Picks and Pans Review: Valentina

updated 09/19/1983 AT 01:00 AM EDT

originally published 09/19/1983 AT 01:00 AM EDT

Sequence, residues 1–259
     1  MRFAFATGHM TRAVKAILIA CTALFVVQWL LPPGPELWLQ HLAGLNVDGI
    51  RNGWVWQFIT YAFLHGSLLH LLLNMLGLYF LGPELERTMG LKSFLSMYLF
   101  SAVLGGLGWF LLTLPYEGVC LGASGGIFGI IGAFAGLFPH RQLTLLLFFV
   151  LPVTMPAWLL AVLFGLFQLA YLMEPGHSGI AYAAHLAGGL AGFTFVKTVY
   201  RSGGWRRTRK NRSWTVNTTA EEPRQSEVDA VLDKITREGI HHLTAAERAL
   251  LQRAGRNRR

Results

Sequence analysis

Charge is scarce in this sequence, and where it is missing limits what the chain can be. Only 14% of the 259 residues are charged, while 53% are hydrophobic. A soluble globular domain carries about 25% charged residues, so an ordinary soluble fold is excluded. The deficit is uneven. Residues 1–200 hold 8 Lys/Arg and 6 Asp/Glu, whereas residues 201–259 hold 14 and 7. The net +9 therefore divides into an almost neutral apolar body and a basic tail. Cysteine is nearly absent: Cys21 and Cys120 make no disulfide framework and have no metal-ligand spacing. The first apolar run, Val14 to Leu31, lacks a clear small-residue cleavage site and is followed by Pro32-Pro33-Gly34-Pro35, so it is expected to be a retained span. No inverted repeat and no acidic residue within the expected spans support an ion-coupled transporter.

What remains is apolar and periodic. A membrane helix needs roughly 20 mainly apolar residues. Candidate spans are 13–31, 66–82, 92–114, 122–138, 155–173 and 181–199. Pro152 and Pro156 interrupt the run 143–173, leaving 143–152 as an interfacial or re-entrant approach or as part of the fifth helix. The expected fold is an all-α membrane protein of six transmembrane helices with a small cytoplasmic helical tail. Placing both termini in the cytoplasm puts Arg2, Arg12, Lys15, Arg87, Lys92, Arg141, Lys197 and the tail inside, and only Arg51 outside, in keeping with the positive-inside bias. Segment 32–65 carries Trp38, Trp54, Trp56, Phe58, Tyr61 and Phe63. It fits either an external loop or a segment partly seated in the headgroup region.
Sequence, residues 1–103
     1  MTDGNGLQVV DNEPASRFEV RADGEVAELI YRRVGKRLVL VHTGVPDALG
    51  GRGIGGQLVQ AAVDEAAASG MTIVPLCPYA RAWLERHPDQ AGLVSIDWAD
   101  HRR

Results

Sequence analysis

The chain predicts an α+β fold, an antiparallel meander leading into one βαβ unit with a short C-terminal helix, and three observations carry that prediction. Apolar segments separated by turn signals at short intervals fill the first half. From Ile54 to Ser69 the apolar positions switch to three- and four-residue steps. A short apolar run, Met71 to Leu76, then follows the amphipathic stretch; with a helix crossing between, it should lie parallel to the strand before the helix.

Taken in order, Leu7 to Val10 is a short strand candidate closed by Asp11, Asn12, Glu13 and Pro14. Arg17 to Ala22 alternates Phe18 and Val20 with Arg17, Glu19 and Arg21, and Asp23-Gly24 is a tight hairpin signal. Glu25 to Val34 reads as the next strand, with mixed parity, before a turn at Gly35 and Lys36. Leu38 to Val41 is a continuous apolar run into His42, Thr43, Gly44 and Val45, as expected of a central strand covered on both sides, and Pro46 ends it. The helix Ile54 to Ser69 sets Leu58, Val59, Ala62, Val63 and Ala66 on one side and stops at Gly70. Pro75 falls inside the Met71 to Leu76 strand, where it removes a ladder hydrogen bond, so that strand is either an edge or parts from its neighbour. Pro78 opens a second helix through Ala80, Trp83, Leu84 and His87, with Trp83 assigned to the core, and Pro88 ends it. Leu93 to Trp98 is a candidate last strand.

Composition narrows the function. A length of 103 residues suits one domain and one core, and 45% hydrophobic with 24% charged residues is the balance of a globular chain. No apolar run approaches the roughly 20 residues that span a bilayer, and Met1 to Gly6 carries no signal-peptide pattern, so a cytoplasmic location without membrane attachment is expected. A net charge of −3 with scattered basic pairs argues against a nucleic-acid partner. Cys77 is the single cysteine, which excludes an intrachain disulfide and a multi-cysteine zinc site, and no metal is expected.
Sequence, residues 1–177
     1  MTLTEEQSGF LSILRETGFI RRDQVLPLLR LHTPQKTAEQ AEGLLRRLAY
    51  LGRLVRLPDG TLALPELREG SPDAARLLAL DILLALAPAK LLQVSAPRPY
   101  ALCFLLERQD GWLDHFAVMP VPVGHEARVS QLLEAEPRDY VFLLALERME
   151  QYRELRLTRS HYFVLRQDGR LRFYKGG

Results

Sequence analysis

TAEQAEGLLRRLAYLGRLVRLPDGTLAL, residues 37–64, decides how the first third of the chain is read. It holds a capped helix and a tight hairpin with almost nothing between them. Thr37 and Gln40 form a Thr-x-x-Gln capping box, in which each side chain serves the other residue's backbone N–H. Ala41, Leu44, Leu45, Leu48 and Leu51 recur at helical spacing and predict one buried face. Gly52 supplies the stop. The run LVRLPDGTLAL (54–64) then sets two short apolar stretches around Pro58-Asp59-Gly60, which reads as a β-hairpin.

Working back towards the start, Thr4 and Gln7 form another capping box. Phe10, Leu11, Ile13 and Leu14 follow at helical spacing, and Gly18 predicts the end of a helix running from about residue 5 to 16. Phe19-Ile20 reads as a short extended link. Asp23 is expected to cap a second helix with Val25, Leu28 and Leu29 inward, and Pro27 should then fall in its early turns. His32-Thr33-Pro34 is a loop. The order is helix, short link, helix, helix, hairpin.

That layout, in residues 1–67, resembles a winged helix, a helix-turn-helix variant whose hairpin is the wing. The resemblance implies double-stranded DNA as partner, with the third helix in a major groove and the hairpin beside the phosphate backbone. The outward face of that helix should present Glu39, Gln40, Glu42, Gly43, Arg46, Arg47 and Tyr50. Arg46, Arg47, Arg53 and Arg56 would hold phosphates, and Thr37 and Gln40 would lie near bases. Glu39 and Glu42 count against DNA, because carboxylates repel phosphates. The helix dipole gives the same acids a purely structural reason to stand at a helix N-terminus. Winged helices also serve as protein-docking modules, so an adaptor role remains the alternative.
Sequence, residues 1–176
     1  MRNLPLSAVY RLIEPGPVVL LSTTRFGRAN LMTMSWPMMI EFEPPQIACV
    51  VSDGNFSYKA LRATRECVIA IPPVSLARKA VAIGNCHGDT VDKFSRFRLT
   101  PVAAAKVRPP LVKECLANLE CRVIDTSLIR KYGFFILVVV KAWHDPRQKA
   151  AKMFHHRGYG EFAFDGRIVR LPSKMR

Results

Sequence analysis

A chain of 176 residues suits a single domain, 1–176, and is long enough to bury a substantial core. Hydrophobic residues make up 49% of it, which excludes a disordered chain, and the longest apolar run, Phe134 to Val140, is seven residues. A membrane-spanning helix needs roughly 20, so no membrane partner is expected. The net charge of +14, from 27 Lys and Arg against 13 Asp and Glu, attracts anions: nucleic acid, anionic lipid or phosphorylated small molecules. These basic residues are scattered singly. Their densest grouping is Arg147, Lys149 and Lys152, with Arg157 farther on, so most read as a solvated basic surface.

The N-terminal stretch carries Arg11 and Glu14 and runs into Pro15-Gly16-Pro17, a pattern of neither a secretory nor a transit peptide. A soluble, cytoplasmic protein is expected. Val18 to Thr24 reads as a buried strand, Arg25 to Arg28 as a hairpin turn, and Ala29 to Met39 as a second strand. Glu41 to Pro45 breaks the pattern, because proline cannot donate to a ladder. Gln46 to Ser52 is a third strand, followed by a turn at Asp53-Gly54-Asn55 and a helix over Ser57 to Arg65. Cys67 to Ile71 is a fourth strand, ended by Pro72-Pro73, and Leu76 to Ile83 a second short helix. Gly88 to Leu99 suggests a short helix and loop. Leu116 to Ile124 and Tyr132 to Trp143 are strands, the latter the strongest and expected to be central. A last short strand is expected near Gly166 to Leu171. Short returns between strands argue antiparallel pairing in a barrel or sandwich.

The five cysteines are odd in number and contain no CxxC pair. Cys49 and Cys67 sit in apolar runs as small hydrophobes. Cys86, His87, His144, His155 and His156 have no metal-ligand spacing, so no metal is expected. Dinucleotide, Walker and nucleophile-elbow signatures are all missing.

It is heartening to know that quality films can still be made with honesty and simplicity in this age of Hollywood high tech. But why do they all have to be imports? This Spanish film is a case in point. Beautifully shot on location in Aragon, Valentina is a retrospective tale, circa 1911, of a mischievous boy (13-year-old Jorge Sanz) whose need for independence is almost as great as his love for the title character, played by 12-year-old Paloma Gomez. Director Antonio Betancor brings out humor and sensitivity in the delightful pair while disguising neither the pain of being a child in an adult world nor the surges of stubbornness that accompany childhood. The trio creates a touching story—reminiscent of such American classics as Peck's Bad Boy and Hand in Hand—that provides thoughtful escapism for the sentimentalist and adventurer alike. Anthony Quinn is another real joy with a magical performance as the priest and mentor who understands and befriends Sanz. Quinn proves he can be just as potent in his native tongue as he is in English. Betancor, making his U.S. debut, has expressed apprehension at the prospect of this kind of work being deemed "a good 'Spanish' film." Fear not, Senor; Valentina is a good film, period. (In Spanish, with English subtitles; not rated)

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